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Old 10-30-2002, 11:30 AM   #1696
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Default Re: Sirio 12TRP

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Originally posted by tomato
Hi Corse-R, is your new Sirio a 5port turbo or 3 port?? Might get one of those if the performance is good.....
Is the 3 port version. Disassembled and cleaned completely, ready to bolt on my NTC3. Sirio 12 3port seemed to be a good performer (in words of some people is a complete nightmare for MT12 and Nova S3 owners.... )
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Old 10-30-2002, 08:29 PM   #1697
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Anyone try a oneway on their ntc3? How does it handle compared with the ball diffs?
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Old 10-31-2002, 12:14 AM   #1698
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Quote:
Originally posted by WeatherB
Anyone try a oneway on their ntc3? How does it handle compared with the ball diffs?
The main and most important handling difference that you notice is a much quicker off-power steering when entering the turns and some kind of understeering when going out the turns (not as much as when you install solid axle on front) and other more important: the lack of front braking action when you yank the brakes.

Beware about this, I have seen many people a pretty 360º slide before entering a turn because it pushed so much the brakes. Removing almost all of them (I adjusted the brake dual rate to a 30% on my Mars) or just a little of drag brake to help to being accustomed to it (beware on overheating the disk).

Yesterday I did some testing with solid axle in front. I didn't went to a much extensive testing, but got massive traction coming out the turns (with a massive understeering on all the turn sections). Anyone can give their feedback or confirm this about solid axle on front? Seemed that need extensive suspension tunning rather than a quick swap.
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Old 10-31-2002, 10:49 AM   #1699
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Quote:
Originally posted by Corse-R
The main and most important handling difference that you notice is a much quicker off-power steering when entering the turns and some kind of understeering when going out the turns (not as much as when you install solid axle on front) and other more important: the lack of front braking action when you yank the brakes.

Beware about this, I have seen many people a pretty 360º slide before entering a turn because it pushed so much the brakes. Removing almost all of them (I adjusted the brake dual rate to a 30% on my Mars) or just a little of drag brake to help to being accustomed to it (beware on overheating the disk).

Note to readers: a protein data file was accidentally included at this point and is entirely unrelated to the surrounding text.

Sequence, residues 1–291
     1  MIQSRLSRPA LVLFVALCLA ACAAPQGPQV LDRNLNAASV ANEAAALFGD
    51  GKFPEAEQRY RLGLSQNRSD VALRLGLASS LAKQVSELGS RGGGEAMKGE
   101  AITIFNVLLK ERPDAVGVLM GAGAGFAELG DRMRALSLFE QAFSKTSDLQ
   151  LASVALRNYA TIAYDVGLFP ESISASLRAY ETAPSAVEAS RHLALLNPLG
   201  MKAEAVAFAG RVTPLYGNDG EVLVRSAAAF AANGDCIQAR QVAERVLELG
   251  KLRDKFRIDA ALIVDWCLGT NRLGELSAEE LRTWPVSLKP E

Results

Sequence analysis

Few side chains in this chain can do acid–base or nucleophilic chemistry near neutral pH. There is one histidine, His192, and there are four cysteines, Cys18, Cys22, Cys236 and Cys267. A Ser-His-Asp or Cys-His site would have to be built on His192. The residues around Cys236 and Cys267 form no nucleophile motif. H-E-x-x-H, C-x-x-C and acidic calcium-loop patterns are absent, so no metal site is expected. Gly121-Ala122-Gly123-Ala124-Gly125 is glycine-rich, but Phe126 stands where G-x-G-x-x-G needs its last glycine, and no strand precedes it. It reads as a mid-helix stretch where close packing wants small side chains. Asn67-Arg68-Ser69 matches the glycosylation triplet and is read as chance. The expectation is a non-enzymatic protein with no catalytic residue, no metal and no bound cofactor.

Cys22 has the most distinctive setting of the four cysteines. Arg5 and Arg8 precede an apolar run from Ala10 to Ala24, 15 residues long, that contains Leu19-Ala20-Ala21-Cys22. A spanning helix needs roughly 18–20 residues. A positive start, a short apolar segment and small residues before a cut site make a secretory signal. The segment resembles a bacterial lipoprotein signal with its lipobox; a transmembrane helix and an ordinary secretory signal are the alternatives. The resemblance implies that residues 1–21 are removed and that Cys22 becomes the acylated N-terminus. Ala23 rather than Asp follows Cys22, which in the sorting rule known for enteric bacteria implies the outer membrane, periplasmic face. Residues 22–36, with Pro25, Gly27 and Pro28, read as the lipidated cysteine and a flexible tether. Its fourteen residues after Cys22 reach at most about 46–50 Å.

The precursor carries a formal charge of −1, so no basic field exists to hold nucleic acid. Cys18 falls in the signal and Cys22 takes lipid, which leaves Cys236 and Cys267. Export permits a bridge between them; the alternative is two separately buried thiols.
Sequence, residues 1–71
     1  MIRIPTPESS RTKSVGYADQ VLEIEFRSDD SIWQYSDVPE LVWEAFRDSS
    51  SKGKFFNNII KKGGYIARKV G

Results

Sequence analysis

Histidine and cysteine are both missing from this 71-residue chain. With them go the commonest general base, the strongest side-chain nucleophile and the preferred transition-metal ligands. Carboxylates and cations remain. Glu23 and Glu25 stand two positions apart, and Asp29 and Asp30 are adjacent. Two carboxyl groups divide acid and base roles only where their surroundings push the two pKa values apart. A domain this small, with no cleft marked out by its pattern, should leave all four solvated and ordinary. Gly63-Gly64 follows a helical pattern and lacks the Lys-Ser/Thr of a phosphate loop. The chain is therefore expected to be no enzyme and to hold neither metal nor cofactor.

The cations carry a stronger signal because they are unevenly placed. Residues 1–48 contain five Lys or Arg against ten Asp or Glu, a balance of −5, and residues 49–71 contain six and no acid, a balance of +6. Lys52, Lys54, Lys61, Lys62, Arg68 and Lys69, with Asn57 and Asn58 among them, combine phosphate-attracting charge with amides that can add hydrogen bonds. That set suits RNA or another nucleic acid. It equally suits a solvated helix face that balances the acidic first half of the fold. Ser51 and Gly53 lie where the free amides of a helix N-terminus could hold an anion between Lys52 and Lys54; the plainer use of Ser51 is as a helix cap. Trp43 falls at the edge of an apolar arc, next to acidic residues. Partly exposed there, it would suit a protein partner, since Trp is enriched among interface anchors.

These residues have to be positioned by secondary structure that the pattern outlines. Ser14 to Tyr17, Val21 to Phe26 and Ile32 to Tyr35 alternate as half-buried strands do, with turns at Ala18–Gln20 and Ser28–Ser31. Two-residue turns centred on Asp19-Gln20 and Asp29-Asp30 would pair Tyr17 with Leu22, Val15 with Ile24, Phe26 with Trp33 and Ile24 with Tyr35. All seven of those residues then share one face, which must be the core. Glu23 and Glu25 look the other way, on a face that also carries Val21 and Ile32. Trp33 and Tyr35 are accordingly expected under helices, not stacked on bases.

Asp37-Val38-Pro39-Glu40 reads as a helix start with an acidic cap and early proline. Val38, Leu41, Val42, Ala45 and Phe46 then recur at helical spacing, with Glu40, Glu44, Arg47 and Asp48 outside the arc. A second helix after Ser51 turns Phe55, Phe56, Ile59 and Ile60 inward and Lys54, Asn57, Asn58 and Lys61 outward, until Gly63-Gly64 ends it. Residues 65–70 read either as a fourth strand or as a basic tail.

Yesterday I did some testing with solid axle in front. I didn't went to a much extensive testing, but got massive traction coming out the turns (with a massive understeering on all the turn sections). Anyone can give their feedback or confirm this about solid axle on front? Seemed that need extensive suspension tunning rather than a quick swap.
Concerning one way front diffs, yes, they are tricky. Most of the time, your car tweak needs to be set right. ANY slight irregularities in the car tweak will be greatly amplified when using one way front diffs.

This is where the braking action and throttle / brake servo endpoints need to be adjusted so that the brakes are set mild enough not to get the rear wheels locking. Just enough brakes to make the car stop. Then again, driving styles need to change i.e. earlier braking etc.

Most of the time, to offset the sensitive behaviour of the one way front diff, a rear solid axle combination is often used. It somehow makes the car more forgiving to drive with a one way front diff installed. Else, you can opt for very tight rear diff action.

A tighter rear diff or a solid rear axle will enable you to dial in more brakes on the rear wheels of the car. However, not to the extent you would dial in brakes for a car equipped with a solid front axle or a car euipped with a front diff. The car will stop better and still track in a straight line without the rear end swapping when used with a front one way diff provided there is no tweak in the car.

With regards to solid front axle, yes, you need to alter the front suspension just as you would if you use a front one way diff. You need to set the shocks softer to increase front traction in order to compensate for the lack of front grip and steering. Whereas if you use one way front diff, it's the opposite. You would want to dial out the excessive steering but putting stiffer front springs or a front sway bar.

Putting it simply, the one way has the benefits of the solid front axle as you get lots of on power steering but DOES NOT have the front solid axle's downfall which is lack of steering. But as you are aware, you don't get the benefits of 4WD braking with one way front diff.
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Old 10-31-2002, 11:05 AM   #1700
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Hey guys, quick question about cutting the manifold. After you guys trim it, do you put it all the way back into the muffled (like suggested in the manual) or do just put it into the coupler and tighten it down? I can't see there being a benefit unless you put it all the way into the muffler, but I just wanted to double check. Thanks.
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Old 10-31-2002, 11:34 AM   #1701
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Default Re: 5 tooth split???

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Originally posted by Corse-R
This weekend I used my RB X12 and needed some advice from yours (if anyone is using them (I suppose...).